My dear bookish friends,
Every now and then I love me a good emotional read, and wow, I have found it! Read on to find out why you really shouldn’t ever judge a book by its cover, and for my reasons why I loved this book so much!
A huge thank you goes to TheWriteReads, the author and Neem Tree Press for having me on this tour and for my ecopy of the book (none of which influenced my review in any way).
About the Book
Two very different lives. One shared hope for a brighter future. No time to waste. The flood is coming…
Eleven-year-old Norah Day lives in temporary accommodation, relies on foodbanks for dinner, and doesn’t have a mum. But she’s happy enough, as she has a dad, a pet mouse, a pet spider, and a whole zoo of rescued local wildlife to care for. Eleven-year-old Adam Sinclair lives with his parents in a nice house with a big garden, a private tutor, and everything he could ever want. But his life isn’t perfect – far from it. He’s recovering from leukaemia and is questioning his dream of becoming a champion swimmer. When a nest of baby birds brings them together, Norah and Adam discover they’re not so different after all. Can Norah help Adam find his confidence again? Can Adam help Norah solve the mystery of her missing mother? And can their teamwork save their zoo of rescued animals from the rising flood? Offering powerful lessons in empathy, Norah’s Ark is a hopeful and uplifting middle-grade tale for our times about friendship and finding a sense of home in the face of adversity.
Oh boy, this book made me feel all the feels! From a child’s illness to poverty and homelessness, from foster care to bullying to unemployment, and also to the struggles many children face at school – Norah’s Ark includes so many deep themes that it is making for a very eye-opening and touching read. But at the same time, it is also a book about family, friendship and hope – the total package!
This book immediately made me think of the saying, ‘Don’t judge a book by its cover,’ but not because the cover doesn’t fit (on the contrary, I really like it!), but because the two main characters (and also some of the supporting characters) are prime examples of why you should never judge people based on their appearance. A chubby boy might be chubby not because he eats cake all day and doesn’t want to move, and a lonely girl with dirty clothes might not be dirty by choice because she enjoys playing in mud all day and refuses to change into fresh clothes.
I love how this book makes you catch yourself by your very own prejudices and stereotypes you may inherently hold – even without consciously doing it – and that was a very refreshing, unique and eye-opening experience that not many authors master. Norah’s first impression of Adam was that of a snobbish, fat kid who has everything, who lives in a big mansion, probably never moves an inch and never lifts a finger because he is being pampered by his parents (and possibly by a butler and maid too). She thinks he eats all day to look like that and then she also catches him stealing the nest of baby birds that she was looking after! Her whole world is shaken to the core.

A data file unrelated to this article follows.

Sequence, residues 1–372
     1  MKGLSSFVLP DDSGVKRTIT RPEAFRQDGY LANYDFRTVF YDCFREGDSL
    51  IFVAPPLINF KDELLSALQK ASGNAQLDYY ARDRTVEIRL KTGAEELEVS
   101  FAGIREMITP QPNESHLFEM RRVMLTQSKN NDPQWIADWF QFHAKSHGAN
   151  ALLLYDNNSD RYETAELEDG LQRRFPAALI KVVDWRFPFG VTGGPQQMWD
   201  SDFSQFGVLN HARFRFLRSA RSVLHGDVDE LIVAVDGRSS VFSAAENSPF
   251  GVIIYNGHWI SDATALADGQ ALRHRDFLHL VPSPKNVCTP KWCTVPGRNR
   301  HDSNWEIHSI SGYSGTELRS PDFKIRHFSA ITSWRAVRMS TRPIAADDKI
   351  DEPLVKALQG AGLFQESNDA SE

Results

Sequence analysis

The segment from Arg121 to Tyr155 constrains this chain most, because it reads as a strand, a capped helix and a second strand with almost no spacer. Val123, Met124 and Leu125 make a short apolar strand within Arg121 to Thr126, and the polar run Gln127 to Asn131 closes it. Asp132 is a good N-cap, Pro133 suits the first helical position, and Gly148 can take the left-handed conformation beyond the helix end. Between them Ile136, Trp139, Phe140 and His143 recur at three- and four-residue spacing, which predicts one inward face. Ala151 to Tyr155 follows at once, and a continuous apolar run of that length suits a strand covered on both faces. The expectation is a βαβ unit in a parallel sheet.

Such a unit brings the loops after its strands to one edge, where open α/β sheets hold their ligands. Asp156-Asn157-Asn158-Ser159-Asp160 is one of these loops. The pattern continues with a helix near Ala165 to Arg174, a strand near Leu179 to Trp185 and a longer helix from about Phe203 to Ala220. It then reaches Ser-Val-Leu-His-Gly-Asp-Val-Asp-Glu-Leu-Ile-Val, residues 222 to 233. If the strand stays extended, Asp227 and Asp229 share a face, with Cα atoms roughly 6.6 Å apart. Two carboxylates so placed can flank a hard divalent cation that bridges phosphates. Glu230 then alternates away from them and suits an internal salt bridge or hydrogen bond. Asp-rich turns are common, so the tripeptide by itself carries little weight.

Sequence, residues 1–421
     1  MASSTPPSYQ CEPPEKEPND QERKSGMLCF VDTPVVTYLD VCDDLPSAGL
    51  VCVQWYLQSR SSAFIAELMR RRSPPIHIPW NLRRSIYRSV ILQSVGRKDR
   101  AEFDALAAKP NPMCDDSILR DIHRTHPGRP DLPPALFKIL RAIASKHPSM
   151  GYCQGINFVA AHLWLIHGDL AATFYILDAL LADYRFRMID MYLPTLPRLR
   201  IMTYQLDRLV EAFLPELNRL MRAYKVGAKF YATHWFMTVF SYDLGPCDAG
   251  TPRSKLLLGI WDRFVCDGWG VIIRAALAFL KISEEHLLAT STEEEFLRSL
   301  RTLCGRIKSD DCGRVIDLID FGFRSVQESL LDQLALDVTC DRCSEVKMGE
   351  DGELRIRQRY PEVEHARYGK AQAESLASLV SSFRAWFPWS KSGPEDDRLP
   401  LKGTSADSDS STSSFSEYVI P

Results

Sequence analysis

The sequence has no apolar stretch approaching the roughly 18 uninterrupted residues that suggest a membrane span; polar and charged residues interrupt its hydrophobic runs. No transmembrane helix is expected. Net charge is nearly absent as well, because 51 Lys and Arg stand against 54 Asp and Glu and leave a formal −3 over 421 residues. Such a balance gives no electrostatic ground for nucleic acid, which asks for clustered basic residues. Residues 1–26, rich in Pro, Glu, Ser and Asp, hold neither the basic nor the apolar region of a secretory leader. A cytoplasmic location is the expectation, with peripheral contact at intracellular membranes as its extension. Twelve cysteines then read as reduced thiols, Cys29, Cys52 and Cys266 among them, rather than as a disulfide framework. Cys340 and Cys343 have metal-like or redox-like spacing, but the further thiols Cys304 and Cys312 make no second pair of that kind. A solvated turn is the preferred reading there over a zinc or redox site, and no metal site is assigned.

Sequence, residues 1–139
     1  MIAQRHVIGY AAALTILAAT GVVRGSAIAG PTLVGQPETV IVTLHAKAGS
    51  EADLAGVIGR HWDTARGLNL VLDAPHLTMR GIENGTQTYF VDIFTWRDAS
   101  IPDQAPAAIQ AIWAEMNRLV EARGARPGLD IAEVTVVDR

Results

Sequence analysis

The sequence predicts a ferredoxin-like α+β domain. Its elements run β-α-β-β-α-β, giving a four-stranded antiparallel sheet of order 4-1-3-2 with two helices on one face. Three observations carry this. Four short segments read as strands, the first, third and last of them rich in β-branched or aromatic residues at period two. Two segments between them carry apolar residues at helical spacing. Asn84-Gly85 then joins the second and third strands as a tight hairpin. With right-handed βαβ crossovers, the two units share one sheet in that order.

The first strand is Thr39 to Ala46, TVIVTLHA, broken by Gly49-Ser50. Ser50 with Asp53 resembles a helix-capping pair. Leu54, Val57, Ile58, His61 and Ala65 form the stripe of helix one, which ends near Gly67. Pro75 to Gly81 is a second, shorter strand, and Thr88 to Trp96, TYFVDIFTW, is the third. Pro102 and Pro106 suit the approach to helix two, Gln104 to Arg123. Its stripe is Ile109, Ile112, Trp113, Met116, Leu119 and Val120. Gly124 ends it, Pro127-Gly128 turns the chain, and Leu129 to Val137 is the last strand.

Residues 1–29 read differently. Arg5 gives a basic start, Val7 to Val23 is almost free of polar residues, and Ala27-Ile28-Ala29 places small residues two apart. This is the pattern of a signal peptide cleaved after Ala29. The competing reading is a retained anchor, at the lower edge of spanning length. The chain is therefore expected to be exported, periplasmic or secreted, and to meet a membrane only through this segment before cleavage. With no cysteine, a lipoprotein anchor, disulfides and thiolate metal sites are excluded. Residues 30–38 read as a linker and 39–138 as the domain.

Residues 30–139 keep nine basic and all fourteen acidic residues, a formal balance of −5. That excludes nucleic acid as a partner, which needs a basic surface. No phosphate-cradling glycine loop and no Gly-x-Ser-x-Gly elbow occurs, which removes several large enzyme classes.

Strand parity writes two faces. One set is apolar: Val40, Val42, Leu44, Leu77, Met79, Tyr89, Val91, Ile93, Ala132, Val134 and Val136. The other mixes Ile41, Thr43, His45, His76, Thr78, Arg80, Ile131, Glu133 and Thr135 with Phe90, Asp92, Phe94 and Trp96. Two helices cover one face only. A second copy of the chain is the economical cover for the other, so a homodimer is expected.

But then, the perspective shifts and we hear how bad Adam himself feels about the shape of his body as a result of all the medicine he had to take over all this time, and how hard it was for him to outrun his hovering and controlling parents to save the baby birds from the neighbour’s cat which already got their parents. This moment hit me right in the feels and it was then that I was really hooked and didn’t want to put the book down anymore. I’m getting goosebumps just from writing this down!!
I really liked the dual perspective we get with both Norah and Adam’s points of view in the alternating chapters. It was incredible and truly touching to see how these two children, who were both in their own way hit with way too many obstacles in their young lives, are still thinking about their family so much. For both it was very imortant not to hurt anybody or put more pressure on them, and in doing so, they were in many ways taking their adult caretakers’ position in order not to add to their hardship. So young and so selfless!
Norah’s Ark is the story of two seemingly very different children who have surprisingly a lot in common. My heart truly went out to them both and I was feeling very emotional throughout. I loved the ending. Very satisfactory, in my opinion – well done to the author! I also loved that despite the big emotions and hard-hitting themes and tropes, Williamson managed to bring the point across with beautiful, but simple language. This will ensure that young readers can latch onto the characters and empathise with them from the start. Not to say this book isn’t suitable for adults – I really enjoyed it and think it’s suitable for all ages (younger children may need somebody to talk to about some of the themes though).
Another thing I have to mention that I absolutely love is that 20 percent of the royalties will be donated to the UK homelessness charity ‘Shelter’ – so if you are contemplating whether or not to get this book please do so. Not only will you get a superb read, you are also doing a good deed! Win win!!
I loved this read so much and can highly recommend it – 5 stars from me!
Thank you all so much for reading and please do let me know what you thought if you decide to pick it up!